CLARKSBURG, W.Va. (AP) — The second phase of a class-action lawsuit against DuPont has gone to the jury, which must decide whether thousands of West Virginia residents deserve medical monitoring because of exposure to contamination from a waste site.
Jurors heard closing arguments Tuesday and were scheduled to begin deliberations Wednesday.
The lawsuit filed by 10 residents argues that routine health screenings are needed because residents in and around the small town of Spelter inhaled and ingested arsenic, cadmium and lead from the 112-acre site at a former zinc-smelting plant.
Spelter residents won the first phase of their case Oct. 1, when jurors found DuPont liable for and negligent in creating the waste site. The 11-member jury also found that Delaware-based DuPont created a public and private nuisance and that its pollution trespassed onto private property.
DuPont already has set aside $15 million to deal with the lawsuit.
The plaintiffs are proposing a 40-year medical monitoring plan that would offer voluntary testing for lung, skin, stomach, bladder and kidney cancer, as well as for kidney function, cognitive problems and lead poisoning. Lead is not a carcinogen but can cause such problems as spontaneous abortions, low birth weight, memory and learning problems, bone fragility and cardiovascular disease.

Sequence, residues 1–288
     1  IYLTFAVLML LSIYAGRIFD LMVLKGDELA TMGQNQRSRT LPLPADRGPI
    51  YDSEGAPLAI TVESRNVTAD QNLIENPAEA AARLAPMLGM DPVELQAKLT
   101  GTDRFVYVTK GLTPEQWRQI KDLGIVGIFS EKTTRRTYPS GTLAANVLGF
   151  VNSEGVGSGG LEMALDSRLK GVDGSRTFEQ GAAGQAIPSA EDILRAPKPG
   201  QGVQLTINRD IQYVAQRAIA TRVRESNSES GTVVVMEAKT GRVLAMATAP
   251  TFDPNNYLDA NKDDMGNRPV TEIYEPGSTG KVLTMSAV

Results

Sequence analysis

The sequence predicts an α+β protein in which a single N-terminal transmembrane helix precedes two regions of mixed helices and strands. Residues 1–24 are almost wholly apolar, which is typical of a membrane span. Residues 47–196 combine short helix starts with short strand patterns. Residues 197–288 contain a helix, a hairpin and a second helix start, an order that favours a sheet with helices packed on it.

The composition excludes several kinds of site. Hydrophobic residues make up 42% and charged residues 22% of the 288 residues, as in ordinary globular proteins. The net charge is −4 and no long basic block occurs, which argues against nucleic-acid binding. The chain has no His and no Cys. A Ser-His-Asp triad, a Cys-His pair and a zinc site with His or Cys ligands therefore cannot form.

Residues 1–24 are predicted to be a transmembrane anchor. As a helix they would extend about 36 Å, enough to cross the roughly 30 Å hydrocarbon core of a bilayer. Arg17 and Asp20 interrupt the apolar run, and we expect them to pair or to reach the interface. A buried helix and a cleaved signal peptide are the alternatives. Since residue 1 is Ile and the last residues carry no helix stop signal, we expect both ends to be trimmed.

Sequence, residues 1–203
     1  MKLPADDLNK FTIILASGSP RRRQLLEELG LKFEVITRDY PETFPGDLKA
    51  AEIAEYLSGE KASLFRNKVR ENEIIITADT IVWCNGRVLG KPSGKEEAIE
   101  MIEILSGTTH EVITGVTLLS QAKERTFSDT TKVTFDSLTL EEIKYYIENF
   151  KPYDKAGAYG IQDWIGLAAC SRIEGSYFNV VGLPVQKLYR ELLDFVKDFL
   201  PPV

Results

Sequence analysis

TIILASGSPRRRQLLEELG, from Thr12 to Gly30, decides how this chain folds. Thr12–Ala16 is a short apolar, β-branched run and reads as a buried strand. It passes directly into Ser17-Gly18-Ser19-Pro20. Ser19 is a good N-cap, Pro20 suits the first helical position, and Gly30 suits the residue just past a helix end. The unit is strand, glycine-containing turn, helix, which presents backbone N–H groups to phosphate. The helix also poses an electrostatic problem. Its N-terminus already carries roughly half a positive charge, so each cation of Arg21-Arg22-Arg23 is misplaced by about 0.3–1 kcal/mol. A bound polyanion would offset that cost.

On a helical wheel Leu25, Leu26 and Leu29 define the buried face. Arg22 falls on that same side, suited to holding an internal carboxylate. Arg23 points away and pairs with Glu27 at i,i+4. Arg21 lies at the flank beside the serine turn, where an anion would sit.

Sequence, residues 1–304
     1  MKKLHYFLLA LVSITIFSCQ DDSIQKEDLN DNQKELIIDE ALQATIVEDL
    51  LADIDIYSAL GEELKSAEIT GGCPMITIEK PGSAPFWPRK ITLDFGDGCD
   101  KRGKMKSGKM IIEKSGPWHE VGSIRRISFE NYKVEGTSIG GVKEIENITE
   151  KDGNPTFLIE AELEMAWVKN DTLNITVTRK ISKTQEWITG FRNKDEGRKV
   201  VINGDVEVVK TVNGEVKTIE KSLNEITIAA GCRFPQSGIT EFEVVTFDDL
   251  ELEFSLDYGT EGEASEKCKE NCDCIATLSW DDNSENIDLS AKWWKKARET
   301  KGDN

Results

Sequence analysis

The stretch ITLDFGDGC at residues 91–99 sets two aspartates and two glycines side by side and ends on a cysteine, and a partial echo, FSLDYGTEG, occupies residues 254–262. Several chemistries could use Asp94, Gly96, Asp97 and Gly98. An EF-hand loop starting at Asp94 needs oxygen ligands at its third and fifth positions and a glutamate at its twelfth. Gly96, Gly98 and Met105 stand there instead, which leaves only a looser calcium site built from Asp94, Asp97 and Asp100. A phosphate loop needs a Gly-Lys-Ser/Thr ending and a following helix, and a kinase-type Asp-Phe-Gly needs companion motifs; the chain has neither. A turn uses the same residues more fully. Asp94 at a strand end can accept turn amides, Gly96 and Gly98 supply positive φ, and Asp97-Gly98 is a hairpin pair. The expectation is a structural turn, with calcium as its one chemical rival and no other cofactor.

DuPont's lawyers questioned whether health screenings would prevent illnesses associated with the chemicals. They also argued that exposure to radiation from CT scans for lung cancer could outweigh the benefits.
Mike Papantonio, the plaintiffs' lawyer, said DuPont values the bottom line more than residents' health.
Regardless of how the medical monitoring phase ends, a third phase of the lawsuit will address property damage claims. The final phase will address whether DuPont's conduct merits punitive damages.
The property owners sued DuPont and New York-based T.L. Diamond & Co. in 2004 over claims the companies deliberately dumped dangerous heavy metals on the industrial site in the heart of their town.
T.L. Diamond ran the plant from 1975 to 2001, when regulators recommended the site be declared an imminent and substantial threat to public health.
DuPont has been involved with the property since 1899 when it bought the land for a gunpowder mill. The company reassumed ownership when the zinc plant closed.
While Diamond is a defendant, the company isn't actively participating in the trial. The judge in the case ruled previously that DuPont is responsible for Diamond's conduct because of the 2001 sales agreement.